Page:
For that reason, more than any lack of ambition, “small is beautiful” is likely to be the motto for British piano-makers such as Cavendish for the foreseeable future. “The chances of anyone opening a huge piano factory in Britain are minimal,” Laurence says. “On the other hand, we are good at producing bespoke instruments. I see that as the future: local workshops turning out a few instruments each month.”
A limited vision, then – but at least the British piano industry now has a future. And British piano-makers are certainly not alone in their battle for survival. In recent years the most famous piano-maker on the planet, Steinway & Sons (now 30% Korean-owned, incidentally), has had to lay off or reduce the hours of its workforces in New York and Hamburg, so savage is the competition from Far Eastern companies making grands that sound as good (or almost as good) at a third of the price. “Yes, even the Germans are struggling,” says Laurence, with just a tiny hint of schadenfreude in his voice.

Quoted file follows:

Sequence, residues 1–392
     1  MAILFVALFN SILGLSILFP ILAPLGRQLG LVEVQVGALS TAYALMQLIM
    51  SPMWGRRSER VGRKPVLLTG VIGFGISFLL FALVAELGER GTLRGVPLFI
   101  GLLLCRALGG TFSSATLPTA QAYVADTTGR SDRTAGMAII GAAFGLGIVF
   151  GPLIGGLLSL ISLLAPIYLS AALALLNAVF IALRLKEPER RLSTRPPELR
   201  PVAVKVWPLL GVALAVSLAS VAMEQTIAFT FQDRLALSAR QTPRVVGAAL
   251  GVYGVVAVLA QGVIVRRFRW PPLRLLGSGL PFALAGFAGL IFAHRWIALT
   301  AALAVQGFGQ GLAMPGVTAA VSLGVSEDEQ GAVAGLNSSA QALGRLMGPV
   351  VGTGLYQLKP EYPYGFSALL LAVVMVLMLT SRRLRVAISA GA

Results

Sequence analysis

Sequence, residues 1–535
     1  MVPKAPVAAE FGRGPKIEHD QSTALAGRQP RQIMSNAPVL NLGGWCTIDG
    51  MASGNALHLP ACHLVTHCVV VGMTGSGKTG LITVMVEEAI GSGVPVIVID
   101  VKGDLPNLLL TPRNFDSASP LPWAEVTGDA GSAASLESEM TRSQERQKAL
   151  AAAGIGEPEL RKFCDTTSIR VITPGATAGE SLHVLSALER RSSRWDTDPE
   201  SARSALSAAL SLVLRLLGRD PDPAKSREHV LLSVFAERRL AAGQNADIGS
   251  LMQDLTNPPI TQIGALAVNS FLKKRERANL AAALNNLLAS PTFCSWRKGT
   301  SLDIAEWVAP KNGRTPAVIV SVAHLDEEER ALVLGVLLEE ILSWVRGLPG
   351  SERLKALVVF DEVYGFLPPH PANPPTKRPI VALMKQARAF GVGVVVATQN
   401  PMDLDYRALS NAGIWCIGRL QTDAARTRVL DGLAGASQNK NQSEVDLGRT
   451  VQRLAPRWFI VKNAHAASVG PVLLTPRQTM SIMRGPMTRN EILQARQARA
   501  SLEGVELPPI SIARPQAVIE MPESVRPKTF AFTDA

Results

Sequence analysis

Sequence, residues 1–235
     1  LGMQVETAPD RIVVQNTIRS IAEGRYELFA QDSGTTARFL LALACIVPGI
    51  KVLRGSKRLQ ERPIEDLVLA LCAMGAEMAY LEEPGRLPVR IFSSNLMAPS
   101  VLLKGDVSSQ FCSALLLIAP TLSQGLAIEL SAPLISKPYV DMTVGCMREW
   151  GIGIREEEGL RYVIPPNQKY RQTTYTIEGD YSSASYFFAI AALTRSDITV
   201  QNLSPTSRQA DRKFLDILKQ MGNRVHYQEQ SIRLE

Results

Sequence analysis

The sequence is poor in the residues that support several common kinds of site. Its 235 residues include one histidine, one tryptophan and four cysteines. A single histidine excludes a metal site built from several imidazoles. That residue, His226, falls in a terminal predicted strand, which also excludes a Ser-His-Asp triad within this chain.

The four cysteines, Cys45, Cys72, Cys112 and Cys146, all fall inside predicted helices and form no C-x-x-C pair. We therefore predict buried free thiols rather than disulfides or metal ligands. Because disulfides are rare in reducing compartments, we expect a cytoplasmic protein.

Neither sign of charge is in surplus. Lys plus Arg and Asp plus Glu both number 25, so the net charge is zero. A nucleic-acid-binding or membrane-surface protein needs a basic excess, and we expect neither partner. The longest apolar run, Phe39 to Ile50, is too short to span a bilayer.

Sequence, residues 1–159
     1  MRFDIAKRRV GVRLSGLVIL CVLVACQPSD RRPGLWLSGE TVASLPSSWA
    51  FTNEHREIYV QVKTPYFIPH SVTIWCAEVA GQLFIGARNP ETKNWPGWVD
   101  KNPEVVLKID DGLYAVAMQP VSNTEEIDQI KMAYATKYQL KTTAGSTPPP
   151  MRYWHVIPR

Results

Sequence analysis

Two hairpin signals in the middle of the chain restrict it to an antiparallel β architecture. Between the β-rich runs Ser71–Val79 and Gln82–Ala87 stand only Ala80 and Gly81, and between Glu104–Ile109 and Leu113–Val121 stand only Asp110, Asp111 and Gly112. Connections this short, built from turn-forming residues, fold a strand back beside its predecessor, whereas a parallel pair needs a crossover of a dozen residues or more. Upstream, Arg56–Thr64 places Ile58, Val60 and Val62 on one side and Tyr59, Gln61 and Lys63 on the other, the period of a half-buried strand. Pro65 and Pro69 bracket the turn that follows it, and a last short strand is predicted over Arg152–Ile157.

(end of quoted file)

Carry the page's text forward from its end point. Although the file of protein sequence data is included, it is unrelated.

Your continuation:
The Times, February 27 2013 [original article]